Can brands still be apolitical?

It is generally considered good etiquette to avoid the subject of politics in polite company.

Debrett’s – the authority on such matters – states:

“If you’re in an environment where a stand-up, passionate political row is not desirable… then it is probably a good idea to lay off politics altogether…”

Given stand up rows aren’t necessarily good for business either, most companies have also tended to steer clear of politics. But in 2017, that is becoming increasingly difficult to do. Politics has become more divisive, intrusive, controversial – and a more fundamental part of our lives than at any point in most of our lifetimes.

And now there is a General Election on the horizon to add extra spice.

Brands are under greater scrutiny than ever before and the reality is that remaining staunchly apolitical is no longer as easy as it once was. Brands are getting drawn into divisive debates whether they like it or not.

Just look at the example of sportswear brand New Balance, which last year had to distance itself from “bigotry or hate in any form” after expressing an opinion on one small aspect of Donald Trump’s proposed trade policies.

From a PR perspective, if you have to distance yourself from bigotry and hatred, you’ve not had the best week.

With Article 50 now triggered and the march towards Brexit underway here in the UK, brands will also be aware their every move and every word may be similarly seized upon.

In any given year, many brands have to announce news related to everything from hiring, firing and job cuts to exchange rates, overseas investment, supply chain issues and acquisitions. In the past, many businesses might have struggled to get anybody interested in such news. But now and for the foreseeable future, all such announcements may be seized upon and forced into an on-going narrative around Brexit – with undue prominence and distortions beyond their control. If they don’t mention Brexit, it will be woven into the commentary for them. If they do, they run the risk of being accused of anything and everything up to and including high treason.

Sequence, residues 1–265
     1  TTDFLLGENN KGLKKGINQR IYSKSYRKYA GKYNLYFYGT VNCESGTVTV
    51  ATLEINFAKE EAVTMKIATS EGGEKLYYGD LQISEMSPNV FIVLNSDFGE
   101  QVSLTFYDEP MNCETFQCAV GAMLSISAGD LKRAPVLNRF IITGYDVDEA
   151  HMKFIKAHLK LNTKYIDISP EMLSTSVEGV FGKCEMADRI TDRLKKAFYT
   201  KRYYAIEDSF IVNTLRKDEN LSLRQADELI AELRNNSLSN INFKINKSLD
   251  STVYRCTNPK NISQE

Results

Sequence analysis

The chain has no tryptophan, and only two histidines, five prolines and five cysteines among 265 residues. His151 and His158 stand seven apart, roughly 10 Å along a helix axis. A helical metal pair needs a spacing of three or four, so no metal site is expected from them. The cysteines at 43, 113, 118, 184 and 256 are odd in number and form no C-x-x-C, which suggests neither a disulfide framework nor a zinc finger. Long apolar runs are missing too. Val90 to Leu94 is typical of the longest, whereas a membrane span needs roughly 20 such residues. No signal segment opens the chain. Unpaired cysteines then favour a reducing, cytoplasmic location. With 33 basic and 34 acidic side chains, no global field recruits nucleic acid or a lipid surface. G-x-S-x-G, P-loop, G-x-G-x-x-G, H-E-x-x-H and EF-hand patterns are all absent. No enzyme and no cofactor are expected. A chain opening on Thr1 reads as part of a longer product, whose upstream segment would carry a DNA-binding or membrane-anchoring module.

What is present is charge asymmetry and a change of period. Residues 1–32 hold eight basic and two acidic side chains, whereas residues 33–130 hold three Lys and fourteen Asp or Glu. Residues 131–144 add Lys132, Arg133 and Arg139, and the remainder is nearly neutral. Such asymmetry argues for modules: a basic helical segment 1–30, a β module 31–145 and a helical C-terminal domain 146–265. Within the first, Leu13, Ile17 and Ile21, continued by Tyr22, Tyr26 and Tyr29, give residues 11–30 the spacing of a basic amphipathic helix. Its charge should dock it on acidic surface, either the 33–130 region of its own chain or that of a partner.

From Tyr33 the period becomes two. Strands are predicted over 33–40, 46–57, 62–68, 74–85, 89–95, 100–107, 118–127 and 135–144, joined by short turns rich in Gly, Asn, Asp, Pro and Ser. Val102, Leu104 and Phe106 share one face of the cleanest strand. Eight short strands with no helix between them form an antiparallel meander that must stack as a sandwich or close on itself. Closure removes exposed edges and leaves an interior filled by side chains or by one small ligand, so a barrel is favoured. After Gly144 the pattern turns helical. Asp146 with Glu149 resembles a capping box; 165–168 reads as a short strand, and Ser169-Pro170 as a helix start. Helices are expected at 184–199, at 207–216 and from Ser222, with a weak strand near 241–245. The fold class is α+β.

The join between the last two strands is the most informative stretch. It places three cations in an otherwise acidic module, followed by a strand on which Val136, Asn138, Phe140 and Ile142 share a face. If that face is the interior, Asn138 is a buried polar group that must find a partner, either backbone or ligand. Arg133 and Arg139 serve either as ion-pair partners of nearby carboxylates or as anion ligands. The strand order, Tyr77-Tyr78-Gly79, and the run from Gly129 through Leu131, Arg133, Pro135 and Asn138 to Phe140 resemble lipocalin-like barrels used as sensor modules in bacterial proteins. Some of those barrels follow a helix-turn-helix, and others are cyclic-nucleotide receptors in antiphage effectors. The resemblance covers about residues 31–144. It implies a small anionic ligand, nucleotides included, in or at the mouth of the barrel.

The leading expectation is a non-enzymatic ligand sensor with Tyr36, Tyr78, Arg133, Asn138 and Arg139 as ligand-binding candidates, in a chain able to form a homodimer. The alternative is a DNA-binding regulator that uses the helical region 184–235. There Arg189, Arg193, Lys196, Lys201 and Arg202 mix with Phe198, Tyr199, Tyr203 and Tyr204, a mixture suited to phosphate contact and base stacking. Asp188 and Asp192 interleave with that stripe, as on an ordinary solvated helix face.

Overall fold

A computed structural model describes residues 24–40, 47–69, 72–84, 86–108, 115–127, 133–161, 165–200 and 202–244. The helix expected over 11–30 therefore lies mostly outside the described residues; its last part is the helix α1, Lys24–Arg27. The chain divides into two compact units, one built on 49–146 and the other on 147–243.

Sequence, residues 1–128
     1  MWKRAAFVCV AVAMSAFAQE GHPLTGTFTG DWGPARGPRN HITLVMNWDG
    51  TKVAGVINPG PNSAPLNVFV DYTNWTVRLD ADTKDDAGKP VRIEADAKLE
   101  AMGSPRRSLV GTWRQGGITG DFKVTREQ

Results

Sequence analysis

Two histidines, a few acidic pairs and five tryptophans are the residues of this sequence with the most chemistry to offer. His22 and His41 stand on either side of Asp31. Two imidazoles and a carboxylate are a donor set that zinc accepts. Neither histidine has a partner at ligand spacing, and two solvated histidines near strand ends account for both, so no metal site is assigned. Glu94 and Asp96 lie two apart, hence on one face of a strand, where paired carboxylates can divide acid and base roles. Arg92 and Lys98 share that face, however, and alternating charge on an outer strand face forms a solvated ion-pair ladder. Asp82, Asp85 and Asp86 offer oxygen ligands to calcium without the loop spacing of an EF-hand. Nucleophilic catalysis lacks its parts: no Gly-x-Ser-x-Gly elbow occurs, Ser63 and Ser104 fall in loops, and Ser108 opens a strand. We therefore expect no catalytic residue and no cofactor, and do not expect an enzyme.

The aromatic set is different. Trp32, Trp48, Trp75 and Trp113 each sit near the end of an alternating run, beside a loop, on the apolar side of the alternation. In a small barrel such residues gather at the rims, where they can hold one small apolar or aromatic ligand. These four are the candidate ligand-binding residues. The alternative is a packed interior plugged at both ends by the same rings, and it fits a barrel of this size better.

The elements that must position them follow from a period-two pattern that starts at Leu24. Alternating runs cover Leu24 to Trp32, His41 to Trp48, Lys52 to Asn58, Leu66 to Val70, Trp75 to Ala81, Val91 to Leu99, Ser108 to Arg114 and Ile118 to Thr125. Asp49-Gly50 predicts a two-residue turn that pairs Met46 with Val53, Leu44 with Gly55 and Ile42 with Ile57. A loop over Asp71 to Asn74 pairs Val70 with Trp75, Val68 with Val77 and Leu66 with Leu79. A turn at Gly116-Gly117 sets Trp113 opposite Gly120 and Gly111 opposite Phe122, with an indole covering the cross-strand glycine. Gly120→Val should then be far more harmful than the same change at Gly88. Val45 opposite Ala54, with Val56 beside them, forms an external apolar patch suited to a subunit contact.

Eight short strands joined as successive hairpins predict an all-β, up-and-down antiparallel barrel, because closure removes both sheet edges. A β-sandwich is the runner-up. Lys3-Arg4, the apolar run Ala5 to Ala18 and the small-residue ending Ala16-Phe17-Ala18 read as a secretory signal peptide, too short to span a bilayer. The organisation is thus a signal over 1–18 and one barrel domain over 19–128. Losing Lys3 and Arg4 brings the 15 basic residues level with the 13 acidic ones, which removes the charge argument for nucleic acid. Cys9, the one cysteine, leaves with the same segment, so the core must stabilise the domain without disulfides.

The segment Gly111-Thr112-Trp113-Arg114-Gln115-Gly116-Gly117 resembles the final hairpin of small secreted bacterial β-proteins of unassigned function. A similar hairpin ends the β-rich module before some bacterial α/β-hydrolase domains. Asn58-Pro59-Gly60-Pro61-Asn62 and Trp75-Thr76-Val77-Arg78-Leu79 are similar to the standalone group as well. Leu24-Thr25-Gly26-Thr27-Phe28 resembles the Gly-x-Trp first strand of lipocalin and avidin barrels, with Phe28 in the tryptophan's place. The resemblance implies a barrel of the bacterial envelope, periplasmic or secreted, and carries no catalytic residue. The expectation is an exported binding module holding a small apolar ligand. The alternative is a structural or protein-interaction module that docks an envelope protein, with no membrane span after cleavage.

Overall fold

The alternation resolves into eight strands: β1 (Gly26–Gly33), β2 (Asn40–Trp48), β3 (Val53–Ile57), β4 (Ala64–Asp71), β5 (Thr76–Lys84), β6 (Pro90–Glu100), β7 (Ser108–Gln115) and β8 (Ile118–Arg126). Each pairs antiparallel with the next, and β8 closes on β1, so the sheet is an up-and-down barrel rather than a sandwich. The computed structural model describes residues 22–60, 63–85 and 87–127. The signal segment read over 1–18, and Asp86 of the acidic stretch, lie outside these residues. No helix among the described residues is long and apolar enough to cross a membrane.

Companies explaining that Brexit will make goods more expensive and conditions less favourable in the UK have already been accused of trying to blackmail the government into tax breaks, or using Brexit as a scapegoat for either their own greed or failure, or both.

Choosing the right words has never been more of a knife edge for businesses to walk, which is why at its heart this is a PR problem exacerbated by the rise of social media and digital activism. How do brands handle the pressure and the insistence that their decisions and announcements are politically aligned or motivated, whether they like it or not? How do brands continue to communicate clearly and honestly without fuelling division or debate that they do not want to be drawn into?

Golin has joined up with the PRCA to stage a debate on this very subject on 27 April. Tickets are FREE and can be booked here:—why-businesses-can-no-longer-be-apolitical